You've probably seen those stories in recent years about stars who do commercials abroad but refuse to do any domestically.

I mean big stars.Oh sure, we see Bill Cosby selling Jell-O, Michael J. Fox performing in skits for Diet Pepsi, Spike Lee pushing Nikes - and we oldtimers can even remember when the late Sir Laurence Olivier endorsed Polaroid cameras!

But can you imagine tuning into your favorite sitcom and during the breaks seeing Eddie Murphy, Sylvester Stallone or Paul Newman on a commercial?

It happens - primarily in Japan.

What's really surprising, though, is that the products are sometimes not what you might expect to go with the star. On the other hand, sometimes they are.

So, here's a little quiz, a baker's dozen of celebrities and products, as seen in Japanese advertising. See if you can match them up. (Answers are at the bottom of this column):1. Eddie Murphya. Tokyo Gas

2. Sylvester Stalloneb. Seibu department store

3. Paul Newmanc. Toyota

4. Arnold Schwarzeneggerd. Suzuki cars

5. Woody Allene. Nippon Steel

6. Gene Hackmanf. Assess toothpaste

7. Mickey Rourkeg. Panasonic

8. Charlie Sheenh. Ito Ham

9. Rob Lowei. Fuji Bank credit cards

10. Kevin Costnerj. Suntory Malt

11. Sigourney Weaverk. Suntory Whiskey

12. Tatum O'Neall. Kirin Dry beer

13. George Lucasm. Nissin noodlesMaybe we should make up our own ideal products for the stars to pitch. A friend suggests Rob Lowe for Sony video tape. Any other suggestions out there?

- SO WHICH MOVIE STARS earned the biggest bucks from their movies during the 1980s?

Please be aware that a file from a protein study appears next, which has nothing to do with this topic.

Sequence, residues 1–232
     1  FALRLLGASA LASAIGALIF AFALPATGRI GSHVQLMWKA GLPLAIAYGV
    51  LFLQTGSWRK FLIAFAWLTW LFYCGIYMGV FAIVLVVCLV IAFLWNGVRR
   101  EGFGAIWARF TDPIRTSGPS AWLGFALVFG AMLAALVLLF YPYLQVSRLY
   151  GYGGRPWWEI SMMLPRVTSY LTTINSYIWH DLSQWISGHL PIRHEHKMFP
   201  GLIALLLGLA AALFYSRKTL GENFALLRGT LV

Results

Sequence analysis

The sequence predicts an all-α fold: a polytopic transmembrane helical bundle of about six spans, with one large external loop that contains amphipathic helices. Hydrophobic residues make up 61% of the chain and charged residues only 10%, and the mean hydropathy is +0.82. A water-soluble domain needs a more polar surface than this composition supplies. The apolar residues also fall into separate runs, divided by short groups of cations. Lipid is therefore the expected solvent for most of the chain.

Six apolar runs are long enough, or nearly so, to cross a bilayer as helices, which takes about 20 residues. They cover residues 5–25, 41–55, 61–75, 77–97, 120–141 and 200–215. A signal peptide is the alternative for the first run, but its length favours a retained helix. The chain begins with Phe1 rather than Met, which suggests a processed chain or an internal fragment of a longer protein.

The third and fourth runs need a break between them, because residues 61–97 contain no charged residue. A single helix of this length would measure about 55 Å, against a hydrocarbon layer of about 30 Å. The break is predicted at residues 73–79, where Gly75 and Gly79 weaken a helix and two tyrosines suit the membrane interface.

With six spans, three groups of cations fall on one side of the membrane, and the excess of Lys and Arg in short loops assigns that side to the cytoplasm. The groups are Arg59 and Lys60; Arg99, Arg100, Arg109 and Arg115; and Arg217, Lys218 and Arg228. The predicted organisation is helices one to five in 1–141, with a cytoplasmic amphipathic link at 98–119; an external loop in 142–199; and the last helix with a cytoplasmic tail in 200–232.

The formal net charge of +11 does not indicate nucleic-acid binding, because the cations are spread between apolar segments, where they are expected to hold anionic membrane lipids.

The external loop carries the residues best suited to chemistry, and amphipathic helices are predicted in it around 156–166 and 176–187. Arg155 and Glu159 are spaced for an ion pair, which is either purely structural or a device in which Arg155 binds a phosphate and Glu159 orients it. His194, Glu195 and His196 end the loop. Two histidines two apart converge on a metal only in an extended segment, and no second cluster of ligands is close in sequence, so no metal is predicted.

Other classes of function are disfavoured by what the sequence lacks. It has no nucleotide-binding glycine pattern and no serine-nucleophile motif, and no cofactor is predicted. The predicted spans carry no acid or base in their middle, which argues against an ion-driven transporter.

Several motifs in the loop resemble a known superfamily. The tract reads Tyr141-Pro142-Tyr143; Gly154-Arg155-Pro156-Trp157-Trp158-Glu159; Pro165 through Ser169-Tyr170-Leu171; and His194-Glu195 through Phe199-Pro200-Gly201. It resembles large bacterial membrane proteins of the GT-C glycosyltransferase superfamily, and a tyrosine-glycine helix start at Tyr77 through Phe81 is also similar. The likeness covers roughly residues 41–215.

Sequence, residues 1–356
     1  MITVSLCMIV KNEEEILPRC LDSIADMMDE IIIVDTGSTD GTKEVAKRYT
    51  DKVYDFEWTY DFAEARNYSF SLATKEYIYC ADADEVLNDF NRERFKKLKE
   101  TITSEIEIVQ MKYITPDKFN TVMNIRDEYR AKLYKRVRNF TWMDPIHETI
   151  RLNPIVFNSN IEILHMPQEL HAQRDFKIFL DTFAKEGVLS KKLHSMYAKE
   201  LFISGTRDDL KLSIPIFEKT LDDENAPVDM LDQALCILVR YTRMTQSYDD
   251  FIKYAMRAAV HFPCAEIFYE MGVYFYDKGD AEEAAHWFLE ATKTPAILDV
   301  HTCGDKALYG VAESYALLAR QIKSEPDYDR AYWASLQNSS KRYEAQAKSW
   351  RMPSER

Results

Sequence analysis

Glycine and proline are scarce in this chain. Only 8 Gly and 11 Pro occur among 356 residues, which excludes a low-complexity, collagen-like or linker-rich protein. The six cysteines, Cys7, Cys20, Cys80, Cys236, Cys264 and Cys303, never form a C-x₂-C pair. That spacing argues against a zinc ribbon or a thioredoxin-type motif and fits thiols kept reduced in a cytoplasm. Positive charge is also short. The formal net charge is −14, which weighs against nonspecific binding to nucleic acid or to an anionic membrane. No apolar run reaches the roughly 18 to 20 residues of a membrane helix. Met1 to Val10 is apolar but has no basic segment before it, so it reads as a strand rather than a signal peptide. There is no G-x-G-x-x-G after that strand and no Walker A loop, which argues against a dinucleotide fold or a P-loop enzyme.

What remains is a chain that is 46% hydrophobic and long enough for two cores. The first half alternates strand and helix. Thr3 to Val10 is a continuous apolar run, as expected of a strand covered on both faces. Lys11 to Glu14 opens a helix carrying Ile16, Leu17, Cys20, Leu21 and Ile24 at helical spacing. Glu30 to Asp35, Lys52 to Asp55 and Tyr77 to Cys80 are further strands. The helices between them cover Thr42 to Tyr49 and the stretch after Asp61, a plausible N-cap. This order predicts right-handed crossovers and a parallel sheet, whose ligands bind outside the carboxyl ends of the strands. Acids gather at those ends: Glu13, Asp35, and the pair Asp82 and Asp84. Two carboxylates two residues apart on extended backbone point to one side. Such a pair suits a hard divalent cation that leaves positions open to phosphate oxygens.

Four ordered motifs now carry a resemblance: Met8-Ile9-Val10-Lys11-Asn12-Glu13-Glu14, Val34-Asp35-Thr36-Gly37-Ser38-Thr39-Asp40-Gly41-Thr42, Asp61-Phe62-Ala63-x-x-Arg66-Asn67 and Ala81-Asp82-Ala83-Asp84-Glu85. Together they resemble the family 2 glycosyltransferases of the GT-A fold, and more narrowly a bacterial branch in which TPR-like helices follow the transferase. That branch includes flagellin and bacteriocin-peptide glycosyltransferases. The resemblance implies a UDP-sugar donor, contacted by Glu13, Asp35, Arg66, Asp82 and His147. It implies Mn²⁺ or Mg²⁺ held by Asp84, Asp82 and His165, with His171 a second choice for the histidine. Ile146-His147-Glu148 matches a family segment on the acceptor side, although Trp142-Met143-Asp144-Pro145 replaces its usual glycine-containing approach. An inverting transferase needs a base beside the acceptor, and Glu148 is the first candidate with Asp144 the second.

According to a recent issue of Variety, the show-biz trade paper, No. 1 was Sylvester Stallone, with $63 million. That's his personal income, not movie profits. (Remember we're talking two "Rockys" and three "Rambos" during that decade.)

Second on Variety's list - taken from Forbes Magazine - was Arnold Schwarzenegger, with $55 million, followed by Jack Nicholson, $50 million; Eddie Murphy, $48 million; Bruce Willis, $36 million; Sean Connery, $35 million; Michael J. Fox, $33 million; Tom Cruise, $26 million; Michael Douglas, $24 million; and Harrison Ford, $22 million.

There are no women in the bunch, of course. And you wondered why actresses complain about inequality.

- IN A RECENT ISSUE of Premiere magazine Tim Jay compiled a brief up-and-down history of profanity in the movies.

Ah, culture. There's nothing like it.

Anyway, here is Jay's unscientific list of eight films surveyed for foul language, from which you may draw your own conclusions:

In "Rebel Without a Cause" (1955) there was no profanity.

In "Gone With the Wind" (1939) there was one.

In "E.T." (1982) there was a profanity every eight minutes.

In "Rocky" (1976) there was swearing every 3:20 minutes.

"On Golden Pond" (1981) used a profanity every 1:21 minutes.

In "Blazing Saddles" (1974) such words came at us every 53 seconds.

It escalated to every 34 seconds in "Scarface" (1983)

And in the "Eddie Murphy Raw" (1987) concert film, the star swore every 10 seconds.

We've come a long way, baby.

- IT'S ALWAYS INTERESTING to hear what artists think of other artists.

So it was impossible during a recent round of interviews for the restored "Fantasia" to resist asking Ollie Johnston what he thinks of Don Bluth.